• In the late nineteenth and early twentieth-century United States, eugenics programs received widespread public support. (dp.la)
  • Eugenics would have been so much bizarre parlor talk had it not been for extensive financing by corporate philanthropies, specifically the Carnegie Institution , the Rockefeller Foundation and the Harriman railroad fortune. (sfgate.com)
  • The Rockefeller Foundation helped found the German eugenics program and even funded the program that Josef Mengele worked in before he went to Auschwitz. (sfgate.com)
  • Eugenics movements did not begin to arise in Europe or the United States until the first decade of the twentieth century, and they did not become generally effective in promoting social and political programs nationally or internationally until after 1910. (encyclopedia.com)
  • Eugenics, a widely accepted practice in the USA, would evolve into genocide as Hitler became more and more rabid in his racial enmity. (counterpunch.org)
  • The practice of eugenics aims to improve the genetic quality of a human population through selective breeding-encouraging reproduction for the "strongest" humans while discouraging reproduction for the "weakest" humans. (dp.la)
  • And, it should be perfectly acceptable for a mother to practice eugenics by carefully choosing which child of desired traits she allows to live and which she kills. (freerepublic.com)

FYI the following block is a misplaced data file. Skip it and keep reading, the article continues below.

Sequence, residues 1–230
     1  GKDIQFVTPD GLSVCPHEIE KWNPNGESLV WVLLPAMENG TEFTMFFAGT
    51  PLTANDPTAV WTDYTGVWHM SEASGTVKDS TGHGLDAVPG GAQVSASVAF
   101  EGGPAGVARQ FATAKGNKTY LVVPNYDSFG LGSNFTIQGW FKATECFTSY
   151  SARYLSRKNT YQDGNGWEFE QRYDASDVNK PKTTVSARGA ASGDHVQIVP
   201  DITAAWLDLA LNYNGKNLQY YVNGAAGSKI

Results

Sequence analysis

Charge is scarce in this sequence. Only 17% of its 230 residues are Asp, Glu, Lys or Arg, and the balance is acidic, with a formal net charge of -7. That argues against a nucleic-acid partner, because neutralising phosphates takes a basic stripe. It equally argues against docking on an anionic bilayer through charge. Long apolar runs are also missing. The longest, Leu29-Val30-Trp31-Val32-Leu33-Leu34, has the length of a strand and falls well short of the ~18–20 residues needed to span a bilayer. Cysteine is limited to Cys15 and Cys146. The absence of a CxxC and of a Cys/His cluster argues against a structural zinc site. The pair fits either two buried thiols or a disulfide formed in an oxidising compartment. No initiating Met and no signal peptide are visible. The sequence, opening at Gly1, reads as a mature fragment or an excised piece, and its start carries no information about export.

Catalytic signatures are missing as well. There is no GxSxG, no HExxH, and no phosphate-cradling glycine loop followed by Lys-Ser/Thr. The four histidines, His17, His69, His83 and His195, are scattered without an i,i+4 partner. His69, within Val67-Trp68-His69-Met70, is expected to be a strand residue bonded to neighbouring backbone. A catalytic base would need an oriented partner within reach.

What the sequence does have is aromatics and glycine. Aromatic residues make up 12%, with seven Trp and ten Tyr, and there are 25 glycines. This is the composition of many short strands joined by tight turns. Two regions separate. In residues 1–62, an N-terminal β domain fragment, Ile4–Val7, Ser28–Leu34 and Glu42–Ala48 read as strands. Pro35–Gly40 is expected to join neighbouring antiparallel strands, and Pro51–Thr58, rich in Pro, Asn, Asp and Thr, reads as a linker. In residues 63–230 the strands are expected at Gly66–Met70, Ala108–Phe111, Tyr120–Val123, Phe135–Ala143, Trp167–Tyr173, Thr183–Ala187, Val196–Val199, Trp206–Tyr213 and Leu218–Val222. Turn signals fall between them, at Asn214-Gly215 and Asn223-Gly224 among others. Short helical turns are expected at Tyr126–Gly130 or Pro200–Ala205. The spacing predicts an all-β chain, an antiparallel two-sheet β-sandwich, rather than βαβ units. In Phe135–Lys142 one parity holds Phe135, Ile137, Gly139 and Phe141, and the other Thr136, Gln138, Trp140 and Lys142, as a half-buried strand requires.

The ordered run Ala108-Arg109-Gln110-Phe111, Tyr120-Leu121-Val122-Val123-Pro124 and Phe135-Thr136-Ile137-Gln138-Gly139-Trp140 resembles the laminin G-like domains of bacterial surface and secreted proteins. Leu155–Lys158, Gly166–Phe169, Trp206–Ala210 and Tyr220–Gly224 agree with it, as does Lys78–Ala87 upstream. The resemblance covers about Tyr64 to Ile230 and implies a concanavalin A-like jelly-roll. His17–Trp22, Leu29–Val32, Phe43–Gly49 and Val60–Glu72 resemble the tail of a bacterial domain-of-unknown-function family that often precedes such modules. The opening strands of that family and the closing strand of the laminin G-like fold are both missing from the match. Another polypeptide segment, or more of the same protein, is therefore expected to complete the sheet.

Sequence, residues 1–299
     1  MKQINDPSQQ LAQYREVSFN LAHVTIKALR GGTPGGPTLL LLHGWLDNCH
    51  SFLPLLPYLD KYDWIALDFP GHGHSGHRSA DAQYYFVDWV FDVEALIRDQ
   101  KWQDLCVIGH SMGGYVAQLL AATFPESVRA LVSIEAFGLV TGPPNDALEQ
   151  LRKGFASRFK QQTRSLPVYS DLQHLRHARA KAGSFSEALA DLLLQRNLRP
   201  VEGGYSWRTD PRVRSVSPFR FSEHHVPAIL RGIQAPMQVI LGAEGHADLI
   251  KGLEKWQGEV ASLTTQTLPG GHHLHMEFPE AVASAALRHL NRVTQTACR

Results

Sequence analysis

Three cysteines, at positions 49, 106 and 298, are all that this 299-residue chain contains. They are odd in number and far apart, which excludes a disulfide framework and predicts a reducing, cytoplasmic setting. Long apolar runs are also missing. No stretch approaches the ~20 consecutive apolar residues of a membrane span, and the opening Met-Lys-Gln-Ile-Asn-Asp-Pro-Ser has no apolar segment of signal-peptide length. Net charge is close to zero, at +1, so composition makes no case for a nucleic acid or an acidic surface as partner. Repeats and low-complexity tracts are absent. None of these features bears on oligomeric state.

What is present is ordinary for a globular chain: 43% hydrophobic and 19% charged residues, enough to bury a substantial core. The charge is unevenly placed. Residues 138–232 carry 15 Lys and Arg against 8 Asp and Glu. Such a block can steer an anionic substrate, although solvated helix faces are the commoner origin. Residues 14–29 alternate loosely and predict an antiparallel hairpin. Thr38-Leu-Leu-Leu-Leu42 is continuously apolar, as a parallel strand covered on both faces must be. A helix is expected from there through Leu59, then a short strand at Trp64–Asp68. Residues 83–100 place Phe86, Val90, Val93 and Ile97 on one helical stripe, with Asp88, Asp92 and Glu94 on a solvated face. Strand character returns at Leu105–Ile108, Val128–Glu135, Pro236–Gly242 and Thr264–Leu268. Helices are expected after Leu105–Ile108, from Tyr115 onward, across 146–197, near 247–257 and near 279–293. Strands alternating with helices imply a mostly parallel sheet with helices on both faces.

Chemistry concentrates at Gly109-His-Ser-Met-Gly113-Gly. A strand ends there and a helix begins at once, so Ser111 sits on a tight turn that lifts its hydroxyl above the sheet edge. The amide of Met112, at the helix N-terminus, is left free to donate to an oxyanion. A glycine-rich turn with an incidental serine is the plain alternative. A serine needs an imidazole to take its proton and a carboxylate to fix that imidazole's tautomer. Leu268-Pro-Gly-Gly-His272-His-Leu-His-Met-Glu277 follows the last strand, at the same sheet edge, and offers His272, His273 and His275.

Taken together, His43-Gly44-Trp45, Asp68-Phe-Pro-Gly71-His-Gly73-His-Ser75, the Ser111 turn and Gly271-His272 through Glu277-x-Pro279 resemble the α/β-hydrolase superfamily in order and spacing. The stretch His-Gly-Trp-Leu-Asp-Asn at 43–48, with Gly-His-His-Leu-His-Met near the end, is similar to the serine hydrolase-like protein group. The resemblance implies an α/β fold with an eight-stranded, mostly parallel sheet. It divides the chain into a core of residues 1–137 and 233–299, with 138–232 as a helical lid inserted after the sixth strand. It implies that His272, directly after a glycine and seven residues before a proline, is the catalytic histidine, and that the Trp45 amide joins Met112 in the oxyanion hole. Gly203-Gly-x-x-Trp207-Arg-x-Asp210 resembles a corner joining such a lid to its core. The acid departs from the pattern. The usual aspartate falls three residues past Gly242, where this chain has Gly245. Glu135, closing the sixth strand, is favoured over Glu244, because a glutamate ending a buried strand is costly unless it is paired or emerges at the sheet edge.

• Roll‐Hansen N (1988) The Progress of Eugenics: Growth of Knowledge and Change in Ideology. (els.net)
  • In many respects, the ideology behind eugenics long predated Darwin and the theory of evolution, and this ideology still exists today, even amongst those who don't accept evolution. (uncommondescent.com)
  • This odious ideology, based on an odious (and scientifically vacuous) assertion that natural selection is the origin of man, is the foundation of eugenics, and is Darwin's only real legacy to medicine. (evolutionnews.org)
  • The earliest eugenics movements were founded in Germany in 1904, in Britain in 1907, and in the United States in 1908 - 1910. (encyclopedia.com)
  • Allen G (1986) The Eugenics Record Office at Cold Spring Harbour, 1910-1940: An Essay in Institutional History. (els.net)